At the time, the organization was working on establishing a not-for-profit, which would later become the GJDC, to bring economic growth back to a neighborhood that had suffered mightily from the urban decay of the early 1970s. The GJDC was formed and its new leaders picked Towery to be its first president in 1971.

“He is very bright and knowledgeable, conscientious, an excellent speaker and an expert planner,” said Vincent Albanese, a founder of the GJDC and current board member. “We were very impressed with his background, his expertise, and we were fortunate that [the RPA was] prepared to make him available to us.”

When Towery took the role of president of the GJDC he knew that he would be presented with a major challenge in the coming years.

Jamaica was heading into an era he later called the “disinvestment decade,” as downtown Jamaica’s anchoring department store giants, Macy’s, Gertz and Mays were all about to leave the area.

Towery fought to keep the stores, which he knew were the lifeblood of the community, but they all ended up exiting, starting with Macy’s in 1978. And as the bigger retailers left, so did smaller ones. Some banks and The Long Island Daily Press also closed around this time.

Jamaica had gone quickly from one of the city’s major commercial centers — a hub for Long Island shoppers who arrived at the Long Island Rail Road station — to a shell of its former self.

Its row of movie theaters, including the once-majestic Loews Valencia, shut their doors. The Valencia would later be resurrected and renovated as a church.

Towery oversaw city, state and federal partnerships over the next four decades that resulted in a revitalization of the neighborhood into one of the borough’s hottest development areas.

From 1978 to 1996, private investment in Jamaica totaled just $17 million, compared with the $364 million that has been invested in the last three years, according to the GJDC.

“He has had tremendous accomplishments,” Albanese said. “Jamaica was not growing, not serving the best interest of the business or residential communities. There was a tremendous need for a person of his caliber.”

Towery credits a number of strong public initiatives in Jamaica in the past few decades that led to the rebuilding of the downtown. He persistently advocated what he calls “pre-developments” through seven mayors and eight governors, dating back to John Lindsay and Nelson Rockefeller, and the federal government to attract more private investment.

This includes removing the Jamaica Avenue El and extending the subway to Parsons Boulevard, which started the creation of the transportation hub in the downtown area, and moving York College into the neighborhood instead of alternative sites.

Towery says York College’s move to Jamaica was the greatest development for the neighborhood while he was head of the GJDC because of the jobs it creates and the college’s ability to interact with the community in many ways.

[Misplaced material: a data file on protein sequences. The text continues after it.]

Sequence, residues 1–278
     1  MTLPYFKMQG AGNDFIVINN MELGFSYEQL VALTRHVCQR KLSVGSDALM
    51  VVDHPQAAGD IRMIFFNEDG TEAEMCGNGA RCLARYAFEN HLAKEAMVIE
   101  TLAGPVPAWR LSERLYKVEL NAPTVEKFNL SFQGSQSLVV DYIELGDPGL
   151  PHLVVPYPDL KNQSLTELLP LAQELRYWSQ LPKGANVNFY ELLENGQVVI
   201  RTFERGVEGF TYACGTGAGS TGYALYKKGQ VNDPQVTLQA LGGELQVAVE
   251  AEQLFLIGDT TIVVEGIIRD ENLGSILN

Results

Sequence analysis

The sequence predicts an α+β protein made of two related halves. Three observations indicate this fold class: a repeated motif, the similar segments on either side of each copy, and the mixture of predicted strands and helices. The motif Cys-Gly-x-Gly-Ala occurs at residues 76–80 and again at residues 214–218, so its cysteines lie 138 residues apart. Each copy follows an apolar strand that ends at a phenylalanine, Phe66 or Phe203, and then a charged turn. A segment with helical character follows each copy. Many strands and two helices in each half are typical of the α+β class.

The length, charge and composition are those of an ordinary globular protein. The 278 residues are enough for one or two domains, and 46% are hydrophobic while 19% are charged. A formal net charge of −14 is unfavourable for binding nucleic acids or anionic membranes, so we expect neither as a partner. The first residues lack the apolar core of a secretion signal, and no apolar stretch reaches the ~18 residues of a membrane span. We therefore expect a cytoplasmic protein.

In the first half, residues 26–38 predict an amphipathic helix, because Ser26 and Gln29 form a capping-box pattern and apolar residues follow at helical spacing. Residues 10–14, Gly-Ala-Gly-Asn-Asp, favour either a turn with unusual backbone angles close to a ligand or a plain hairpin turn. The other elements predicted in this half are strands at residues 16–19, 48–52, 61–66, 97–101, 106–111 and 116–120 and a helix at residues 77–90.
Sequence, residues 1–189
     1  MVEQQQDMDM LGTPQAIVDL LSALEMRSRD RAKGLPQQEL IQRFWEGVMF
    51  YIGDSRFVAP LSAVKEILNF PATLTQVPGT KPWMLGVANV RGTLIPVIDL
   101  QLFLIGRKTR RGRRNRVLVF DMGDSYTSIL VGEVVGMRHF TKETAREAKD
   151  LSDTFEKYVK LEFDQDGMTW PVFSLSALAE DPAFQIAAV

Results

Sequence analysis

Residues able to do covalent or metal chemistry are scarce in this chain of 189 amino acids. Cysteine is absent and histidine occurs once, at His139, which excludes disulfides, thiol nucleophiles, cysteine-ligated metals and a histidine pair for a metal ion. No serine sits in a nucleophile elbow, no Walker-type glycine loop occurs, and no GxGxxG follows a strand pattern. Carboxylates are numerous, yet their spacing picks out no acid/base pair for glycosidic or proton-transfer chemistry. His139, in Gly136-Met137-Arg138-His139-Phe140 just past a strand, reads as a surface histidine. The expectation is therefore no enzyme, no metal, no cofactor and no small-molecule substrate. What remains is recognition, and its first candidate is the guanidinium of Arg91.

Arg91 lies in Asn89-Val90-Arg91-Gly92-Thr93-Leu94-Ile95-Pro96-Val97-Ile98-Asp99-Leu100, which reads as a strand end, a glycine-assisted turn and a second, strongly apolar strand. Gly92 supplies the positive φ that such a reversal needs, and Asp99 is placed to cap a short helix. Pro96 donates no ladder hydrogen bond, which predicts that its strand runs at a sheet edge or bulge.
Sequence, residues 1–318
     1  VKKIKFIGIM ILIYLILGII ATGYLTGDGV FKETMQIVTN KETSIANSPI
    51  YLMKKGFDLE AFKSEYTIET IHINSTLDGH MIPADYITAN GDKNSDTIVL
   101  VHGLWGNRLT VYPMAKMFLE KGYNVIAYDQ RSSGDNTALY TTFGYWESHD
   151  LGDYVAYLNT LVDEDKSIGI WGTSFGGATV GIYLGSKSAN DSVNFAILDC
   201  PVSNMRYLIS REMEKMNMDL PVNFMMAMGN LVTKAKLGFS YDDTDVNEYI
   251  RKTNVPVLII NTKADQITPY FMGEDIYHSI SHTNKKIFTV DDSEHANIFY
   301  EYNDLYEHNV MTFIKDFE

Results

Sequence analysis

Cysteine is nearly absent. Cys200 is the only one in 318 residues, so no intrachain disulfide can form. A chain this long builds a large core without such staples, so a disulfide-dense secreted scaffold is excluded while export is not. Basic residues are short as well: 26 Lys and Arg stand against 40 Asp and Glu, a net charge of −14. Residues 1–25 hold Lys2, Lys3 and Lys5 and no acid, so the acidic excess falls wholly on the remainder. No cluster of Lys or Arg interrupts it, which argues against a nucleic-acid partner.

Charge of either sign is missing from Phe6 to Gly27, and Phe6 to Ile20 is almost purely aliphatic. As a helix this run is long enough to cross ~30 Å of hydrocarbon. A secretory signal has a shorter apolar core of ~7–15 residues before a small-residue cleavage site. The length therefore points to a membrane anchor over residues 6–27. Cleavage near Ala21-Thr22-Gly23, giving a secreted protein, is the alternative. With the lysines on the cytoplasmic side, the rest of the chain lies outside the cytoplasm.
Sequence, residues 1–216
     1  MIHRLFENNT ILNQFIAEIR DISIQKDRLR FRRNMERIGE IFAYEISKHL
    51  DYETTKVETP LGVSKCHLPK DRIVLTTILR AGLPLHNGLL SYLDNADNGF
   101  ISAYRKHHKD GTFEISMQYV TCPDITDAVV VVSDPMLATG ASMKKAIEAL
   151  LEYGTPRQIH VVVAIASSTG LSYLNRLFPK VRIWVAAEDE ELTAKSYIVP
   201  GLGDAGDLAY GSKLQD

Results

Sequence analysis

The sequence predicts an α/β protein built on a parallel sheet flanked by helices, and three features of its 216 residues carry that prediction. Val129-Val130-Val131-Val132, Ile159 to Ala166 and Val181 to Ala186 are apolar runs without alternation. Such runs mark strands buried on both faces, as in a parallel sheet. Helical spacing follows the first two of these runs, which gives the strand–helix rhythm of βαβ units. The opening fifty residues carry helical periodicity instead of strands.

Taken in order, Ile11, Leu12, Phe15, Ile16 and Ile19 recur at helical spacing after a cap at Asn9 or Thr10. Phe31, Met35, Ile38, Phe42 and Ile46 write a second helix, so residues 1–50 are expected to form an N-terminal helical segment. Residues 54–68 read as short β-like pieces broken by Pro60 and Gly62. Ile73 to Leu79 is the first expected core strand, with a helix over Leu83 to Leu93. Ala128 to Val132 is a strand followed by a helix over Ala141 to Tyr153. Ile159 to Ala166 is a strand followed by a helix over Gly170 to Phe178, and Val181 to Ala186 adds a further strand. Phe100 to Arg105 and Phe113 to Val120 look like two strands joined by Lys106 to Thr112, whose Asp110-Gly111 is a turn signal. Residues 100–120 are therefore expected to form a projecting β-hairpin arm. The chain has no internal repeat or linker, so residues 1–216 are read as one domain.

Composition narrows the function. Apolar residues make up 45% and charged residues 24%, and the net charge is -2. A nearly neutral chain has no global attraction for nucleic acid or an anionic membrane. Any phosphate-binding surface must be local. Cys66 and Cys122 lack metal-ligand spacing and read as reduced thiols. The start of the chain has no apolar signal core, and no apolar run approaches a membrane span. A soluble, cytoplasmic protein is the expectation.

“We worked our tails off to get York College here,” he said in a recent interview.

Today the college, part of the City University, is the only site in the borough selected to be part of Gov. Andrew Cuomo’s START-UP NY initiative, a much-heralded economic development initiative that will encourage businesses to partner with the school and move to Jamaica, either to a location on the campus or in the surrounding area, in exchange for wide-ranging tax breaks.

York College is now in negotiations with many businesses looking to partner with the school in exchange for being exempt from corporate, sales or property taxes for 10 years. The new businesses would move to a property near the school or build on a portion of 3.5 acres of vacant, government-owned land on campus. The college is slowly becoming the hub for business, opportunity and community that Towery envisioned it could.

York College - Campus and students.

The GJDC also supported building the new regional Jamaica headquarters for the U.S. Social Security Administration and U.S. Food and Drug Administration, which are two federal agencies that brought jobs into the neighborhood.

The not-for-profit also advocated for the construction of the AirTrain rail line from John F. Kennedy International Airport in 2003, which further expanded Jamaica’s transportation hub to new heights.

That transportation hub, which is now comprised of various subway lines, an LIRR station, numerous bus lines and the AirTrain, has become a magnet for development.

After a 368-block rezoning was completed in downtown Jamaica in 2007 near the transit hub to allow more developments with commercial and residential uses, more and more developers have been planning large-scale projects there.

Some local initiatives and projects that have helped shape Jamaica were original ideas the GJDC started under Towery’s leadership, such as the creation of the first business improvement district in the downtown area to focus on the growth of local stores and companies and the first green market in New York City.